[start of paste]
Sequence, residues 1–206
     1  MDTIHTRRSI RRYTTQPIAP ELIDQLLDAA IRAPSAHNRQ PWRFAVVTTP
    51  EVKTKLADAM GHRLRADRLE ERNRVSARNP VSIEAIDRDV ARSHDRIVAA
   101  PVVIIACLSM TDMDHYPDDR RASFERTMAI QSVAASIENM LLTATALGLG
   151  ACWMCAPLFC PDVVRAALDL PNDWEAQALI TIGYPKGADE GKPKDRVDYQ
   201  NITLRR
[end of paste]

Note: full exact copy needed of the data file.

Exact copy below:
Sequence, residues 1–206
     1  MDTIHTRRSI RRYTTQPIAP ELIDQLLDAA IRAPSAHNRQ PWRFAVVTTP
    51  EVKTKLADAM GHRLRADRLE ERNRVSARNP VSIEAIDRDV ARSHDRIVAA
   101  PVVIIACLSM TDMDHYPDDR RASFERTMAI QSVAASIENM LLTATALGLG
   151  ACWMCAPLFC PDVVRAALDL PNDWEAQALI TIGYPKGADE GKPKDRVDYQ
   201  NITLRR